The U.S. Small Business Administration (SBA) recently published the Small Business Government Contracting and National Defense Authorization Act (NDAA) of 2013 Amendments Final Rule (81 FR 34243), which affects small and large government contractors in all industries. This Final Rule went into effect on June 30, 2016, and amends certain regulations which were required to implement the changes mandated by the 2013 NDAA.
While the rule addresses more than 15 topics, several key issues are noted below. The information noted is news and should not be considered legal advice. A contractor should always consult with an attorney experienced in federal contracting on all changing federal rules and regulations affecting one’s business.
The Responsibilities of Procurement Center Representatives (PCRs): The PCR is a well-kept secret in the federal contracting marketplace, and with this rule, their role has broader responsibilities. Generally, PCRs have the ability to review barriers to small business participation in federal contracting, and to review any bundled or consolidated solicitation or contract to advocate for the maximum practicable utilization of small business concerns in federal contracting.
The PCR also now has the ability to confer with the agency’s representative in the event the government wants to change from using contractors to using federal employees to perform similar work. The PRC also is now allowed to receive unsolicited proposals from small business concerns and to provide those proposals to the appropriate agency’s personnel for review and disposition.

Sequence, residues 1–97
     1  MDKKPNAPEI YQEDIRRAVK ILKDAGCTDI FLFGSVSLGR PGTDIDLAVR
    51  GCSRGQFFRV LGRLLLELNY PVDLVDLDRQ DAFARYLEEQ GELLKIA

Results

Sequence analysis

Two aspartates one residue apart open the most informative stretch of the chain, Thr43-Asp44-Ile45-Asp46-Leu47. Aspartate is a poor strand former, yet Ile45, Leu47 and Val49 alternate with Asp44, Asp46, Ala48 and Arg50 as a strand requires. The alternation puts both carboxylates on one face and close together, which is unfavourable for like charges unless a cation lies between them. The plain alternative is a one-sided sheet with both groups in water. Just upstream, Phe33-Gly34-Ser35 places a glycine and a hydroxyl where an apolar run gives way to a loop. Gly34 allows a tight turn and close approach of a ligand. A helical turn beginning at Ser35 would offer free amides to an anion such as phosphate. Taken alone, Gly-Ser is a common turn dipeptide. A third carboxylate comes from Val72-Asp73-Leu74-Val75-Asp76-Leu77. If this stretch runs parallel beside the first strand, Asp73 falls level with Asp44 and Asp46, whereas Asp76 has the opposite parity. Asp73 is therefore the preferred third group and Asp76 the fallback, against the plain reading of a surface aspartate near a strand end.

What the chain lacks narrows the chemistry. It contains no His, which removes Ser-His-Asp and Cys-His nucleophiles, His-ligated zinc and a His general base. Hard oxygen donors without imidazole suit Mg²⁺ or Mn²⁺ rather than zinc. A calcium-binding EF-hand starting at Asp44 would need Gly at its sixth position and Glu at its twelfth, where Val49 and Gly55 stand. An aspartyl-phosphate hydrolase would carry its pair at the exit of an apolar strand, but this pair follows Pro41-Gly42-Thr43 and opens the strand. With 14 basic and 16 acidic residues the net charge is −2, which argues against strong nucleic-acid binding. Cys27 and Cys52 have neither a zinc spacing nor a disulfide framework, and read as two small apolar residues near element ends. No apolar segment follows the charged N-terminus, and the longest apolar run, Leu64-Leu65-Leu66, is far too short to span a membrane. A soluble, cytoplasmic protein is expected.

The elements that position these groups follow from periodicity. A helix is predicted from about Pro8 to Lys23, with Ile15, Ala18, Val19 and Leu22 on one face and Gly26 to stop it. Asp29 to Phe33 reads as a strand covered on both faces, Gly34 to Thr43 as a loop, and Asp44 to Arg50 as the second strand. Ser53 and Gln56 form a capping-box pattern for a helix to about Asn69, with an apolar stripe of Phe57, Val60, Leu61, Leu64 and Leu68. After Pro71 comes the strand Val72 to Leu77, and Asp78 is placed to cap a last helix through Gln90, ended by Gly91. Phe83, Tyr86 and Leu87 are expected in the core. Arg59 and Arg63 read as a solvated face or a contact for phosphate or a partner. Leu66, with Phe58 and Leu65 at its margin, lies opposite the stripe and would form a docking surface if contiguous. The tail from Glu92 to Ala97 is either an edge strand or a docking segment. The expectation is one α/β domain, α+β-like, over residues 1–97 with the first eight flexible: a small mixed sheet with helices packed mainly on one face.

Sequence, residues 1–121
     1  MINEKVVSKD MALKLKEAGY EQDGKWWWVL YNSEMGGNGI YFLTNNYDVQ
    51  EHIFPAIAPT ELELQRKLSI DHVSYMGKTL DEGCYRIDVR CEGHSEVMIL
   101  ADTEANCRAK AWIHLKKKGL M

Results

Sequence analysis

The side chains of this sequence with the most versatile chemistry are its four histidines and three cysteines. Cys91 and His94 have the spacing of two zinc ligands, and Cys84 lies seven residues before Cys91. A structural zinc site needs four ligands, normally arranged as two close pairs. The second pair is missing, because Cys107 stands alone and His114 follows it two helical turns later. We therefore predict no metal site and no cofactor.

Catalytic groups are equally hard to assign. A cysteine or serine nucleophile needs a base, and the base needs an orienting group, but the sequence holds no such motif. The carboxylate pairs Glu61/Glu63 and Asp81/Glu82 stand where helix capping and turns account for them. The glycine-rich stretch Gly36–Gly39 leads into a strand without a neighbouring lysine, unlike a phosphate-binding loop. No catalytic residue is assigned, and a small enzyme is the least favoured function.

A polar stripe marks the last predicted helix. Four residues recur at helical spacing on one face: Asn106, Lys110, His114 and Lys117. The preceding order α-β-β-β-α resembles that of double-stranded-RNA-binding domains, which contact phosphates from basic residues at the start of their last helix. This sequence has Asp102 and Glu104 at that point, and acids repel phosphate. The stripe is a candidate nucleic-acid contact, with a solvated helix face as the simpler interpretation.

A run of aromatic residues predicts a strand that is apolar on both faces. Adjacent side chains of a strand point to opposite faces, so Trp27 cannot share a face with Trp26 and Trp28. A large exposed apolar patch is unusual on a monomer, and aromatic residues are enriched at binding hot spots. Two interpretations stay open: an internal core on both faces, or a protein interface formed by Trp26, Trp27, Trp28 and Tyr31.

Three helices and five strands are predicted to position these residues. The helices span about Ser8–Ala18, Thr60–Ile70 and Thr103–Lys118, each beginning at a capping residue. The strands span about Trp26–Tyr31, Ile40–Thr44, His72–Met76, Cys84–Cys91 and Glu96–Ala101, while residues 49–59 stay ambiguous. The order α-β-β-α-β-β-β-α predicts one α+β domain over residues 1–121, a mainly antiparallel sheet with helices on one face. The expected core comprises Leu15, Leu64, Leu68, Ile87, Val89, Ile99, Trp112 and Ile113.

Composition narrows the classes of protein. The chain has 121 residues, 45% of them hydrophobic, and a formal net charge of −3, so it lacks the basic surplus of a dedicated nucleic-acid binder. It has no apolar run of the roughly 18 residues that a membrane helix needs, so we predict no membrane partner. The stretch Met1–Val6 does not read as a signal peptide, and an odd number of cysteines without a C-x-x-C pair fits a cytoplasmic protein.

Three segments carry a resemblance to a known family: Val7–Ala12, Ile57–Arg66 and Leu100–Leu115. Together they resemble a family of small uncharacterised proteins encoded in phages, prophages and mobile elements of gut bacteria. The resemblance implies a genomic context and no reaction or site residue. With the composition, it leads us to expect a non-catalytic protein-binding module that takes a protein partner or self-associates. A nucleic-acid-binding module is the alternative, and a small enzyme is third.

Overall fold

Subcontracting Plans: With the Final Rule, the contracting government agency must now collect, report and review data regarding how the agency’s prime contractors meet the goals and objectives set out in their subcontracting plans. This rule further modifies the Small Business Act, to state that a prime contractor that fails to provide a written corrective action plan after receiving a marginal or unsatisfactory rating for its subcontracting plan performance, or that fails to make a good faith effort to comply with its subcontracting plan, not only will be in material breach of the contract — but such failure also shall be considered in any past performance evaluation of the contractor.
The SBA also added a new sentence describing the process for a Commercial Market Representative (CMR) to report firms that are found to have acted fraudulently or in bad faith to the SBA’s area director, for the Office of Government Contracting area office where the firm is headquartered. A reporting mechanism is now required that allows potential subcontractors to report fraudulent activity or bad faith behavior by a prime contractor with respect to a subcontracting plan.
Affiliation Issues: The SBA’s Final Rule clarifies that a presumption of affiliation exists for firms that conduct business with each other, and are owned and controlled by persons who are married couples, parties to a civil union, parents, children and siblings. Additionally, a presumption of affiliation may be based on economic dependence if a firm derives 70% or more of its revenue from another firm over the previous fiscal year. The SBA will presume that the one firm is economically dependent on the other, and therefore, that the two firms are affiliated. However, this 70% limit may be rebutted if the company is a startup and has limited contracts.
Other topics covered in the rule include Limitations on Subcontracting, Joint Ventures, Recertification, Size Protests, the Nonmanufacturer Rule, Small Business Innovation Research, Small Business Technology Transfer Programs and Certificate of Competency issues. For the complete rule, visit https://federalregister.gov/a/2016-12494.
Gloria Larkin is president of TargetGov and a national expert in business development in the government markets. Visit www.targetgov.com or call toll-free 866-579-1346 for more information.